I grew up riding Western, but the English style is far more common in Europe, and English tack was all that was available at the stables. I’d only tried English riding once before and it’s definitely outside my comfort zone, but I figured I’d give it another go.
Christine gave me a helmet, which felt alien compared to my customary cowboy hat, but when in Switzerland…
I gave Willow a good brushing and watched while Christine saddled him, taking note of how she did it so I could do it on my own next time.
Once we were all geared up, I followed the ladies as we led our horses across the highway and up a paved country road to softer ground for their unshod feet. Two large wooden mounting blocks were conveniently placed there for us. We mounted up and set off for an extended ride through the woods and fields.
Despite the wind that kicked up and the rain that blew in our faces, it felt wonderful to be back in the saddle – any saddle.
Zigzagging from one forest trail to the next, we finally looped back to the stables.
Christine then gave me a tour of the barn, outdoor arena, and stables. We finished caring for the horses – putting away their tack in the barn, feeding them, wiping them down, and mucking out stalls – and then unfortunately Christine had to leave.
I thanked her for the fun and very unexpected afternoon of riding and said goodbye.
A Carriage Ride with a Freiberg Horse
I was getting ready to leave as well when Antoinette introduced me to her husband and offered to take me for a carriage ride next. Um, oui!
I’ve never been in a horse-drawn carriage before, so it definitely was a day of many firsts for me. This ride was extra special too since this was my introduction to a horse breed I’d never even heard of.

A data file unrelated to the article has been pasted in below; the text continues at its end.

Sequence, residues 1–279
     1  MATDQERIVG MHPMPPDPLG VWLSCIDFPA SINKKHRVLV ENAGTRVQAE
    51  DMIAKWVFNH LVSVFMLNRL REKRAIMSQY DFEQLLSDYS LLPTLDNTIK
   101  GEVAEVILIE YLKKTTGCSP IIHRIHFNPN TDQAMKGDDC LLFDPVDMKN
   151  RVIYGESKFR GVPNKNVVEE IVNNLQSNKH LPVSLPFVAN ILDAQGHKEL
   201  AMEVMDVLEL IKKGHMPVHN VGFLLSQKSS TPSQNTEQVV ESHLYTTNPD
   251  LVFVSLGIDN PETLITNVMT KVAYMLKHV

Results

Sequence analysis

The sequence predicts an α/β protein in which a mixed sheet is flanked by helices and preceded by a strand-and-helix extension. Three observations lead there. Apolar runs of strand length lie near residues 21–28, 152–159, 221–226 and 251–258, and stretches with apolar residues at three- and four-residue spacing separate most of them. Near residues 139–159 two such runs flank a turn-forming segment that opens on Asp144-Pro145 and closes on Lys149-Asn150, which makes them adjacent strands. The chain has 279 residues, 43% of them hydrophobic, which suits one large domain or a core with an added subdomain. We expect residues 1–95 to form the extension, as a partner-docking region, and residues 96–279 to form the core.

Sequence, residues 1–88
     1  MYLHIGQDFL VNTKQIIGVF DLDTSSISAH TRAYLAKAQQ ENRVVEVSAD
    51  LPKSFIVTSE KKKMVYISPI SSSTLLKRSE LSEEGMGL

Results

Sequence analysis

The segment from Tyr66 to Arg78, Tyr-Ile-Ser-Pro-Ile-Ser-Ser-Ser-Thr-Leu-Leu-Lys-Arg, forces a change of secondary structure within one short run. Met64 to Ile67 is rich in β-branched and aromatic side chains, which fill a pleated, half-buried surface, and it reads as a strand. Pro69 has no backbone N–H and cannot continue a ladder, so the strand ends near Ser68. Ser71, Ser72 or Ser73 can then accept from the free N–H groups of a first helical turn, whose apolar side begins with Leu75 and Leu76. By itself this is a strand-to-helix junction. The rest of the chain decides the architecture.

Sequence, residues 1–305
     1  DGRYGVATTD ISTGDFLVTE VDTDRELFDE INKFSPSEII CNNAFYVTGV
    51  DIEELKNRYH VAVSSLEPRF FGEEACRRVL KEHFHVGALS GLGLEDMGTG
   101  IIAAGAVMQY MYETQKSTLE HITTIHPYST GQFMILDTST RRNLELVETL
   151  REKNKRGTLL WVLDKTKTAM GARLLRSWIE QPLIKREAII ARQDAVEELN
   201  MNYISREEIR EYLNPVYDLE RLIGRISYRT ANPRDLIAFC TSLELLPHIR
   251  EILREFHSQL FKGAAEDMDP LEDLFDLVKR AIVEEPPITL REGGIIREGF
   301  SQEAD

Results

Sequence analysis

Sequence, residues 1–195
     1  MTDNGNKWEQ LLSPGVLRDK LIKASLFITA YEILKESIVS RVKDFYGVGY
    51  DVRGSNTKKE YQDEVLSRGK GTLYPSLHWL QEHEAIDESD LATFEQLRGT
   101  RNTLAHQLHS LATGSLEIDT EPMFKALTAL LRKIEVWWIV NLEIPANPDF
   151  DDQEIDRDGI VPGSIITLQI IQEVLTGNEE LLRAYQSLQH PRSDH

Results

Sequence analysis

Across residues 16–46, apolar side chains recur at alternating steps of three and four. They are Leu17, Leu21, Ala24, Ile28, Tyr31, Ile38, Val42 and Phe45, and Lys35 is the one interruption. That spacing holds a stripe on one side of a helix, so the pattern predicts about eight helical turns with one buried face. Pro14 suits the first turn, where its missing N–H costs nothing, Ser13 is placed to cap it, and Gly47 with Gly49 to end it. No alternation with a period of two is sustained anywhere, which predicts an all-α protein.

I watched as Antoinette and her husband started gearing up his horse, a Franches-Montagnes. Her husband explained that the breed is the only horse breed native to Switzerland. They’re also called Freibergers or Freiberg horses, named for the region where they originated some 200 years ago.
As they worked, I held an occasional bar or strap for them.
They explained the history of the breed, its notable characteristics as a working horse, and the rigors of the training he received from the breeder, training that continues with them.
Though not terribly large, Freibergers were bred as small draft horses for pulling heavy loads, as well as for riding. They’re muscular, yet gentle, calm, and very trainable.
They are very much like the Swiss people…Down to earth, stable and friendly.
Interestingly enough, the Swiss National Stud is a federally funded equestrian center in Avenches, a village less than 20 kilometers from our house in Fribourg. Their focus is horse training, breeding, and the continuation of the genetic line of the Freiberger horse. This has come under threat in recent years as some locals wish to reduce or abolish the National Stud in an effort to save money.
When the carriage was hitched up, Antoinette took the reins and directed me to step up.
We set off down the main highway to the clickety clack of hooves as cars patiently waited behind us before Antoinette turned into the fields.
I still felt like it wasn’t quite real that I was riding in a horse-drawn carriage through the Swiss countryside.
Our trip was cut short by a herd of cows being driven to a new pasture, effectively closing our intended path. So Swiss!
Since the cows have been absent from our fields for the winter, they were actually a welcome sight, harbingers of spring and adventure-filled days to come.
Even after returning to the stable, I lingered.
I enjoyed talking to Antoinette and just being part of the “horse scene” for the first time in ages. We weighed out hay for the horses, secured them back in their pastures, and exchanged information before leaving.
I realized I’d been there for over 5 hours, which had passed in a flash. Antoinette said they often take carriage rides with other friends and that I was welcome to join them next time.
I can’t wait to go horseback riding in Switzerland again!
Expat Tip:Ecuries du Châtaignier offers a range of services, from horseback riding in Switzerland and full horse boarding to both group and private lessons. They even have ponies you can “rent.”
These posts have more cute animal encounters in Switzerland.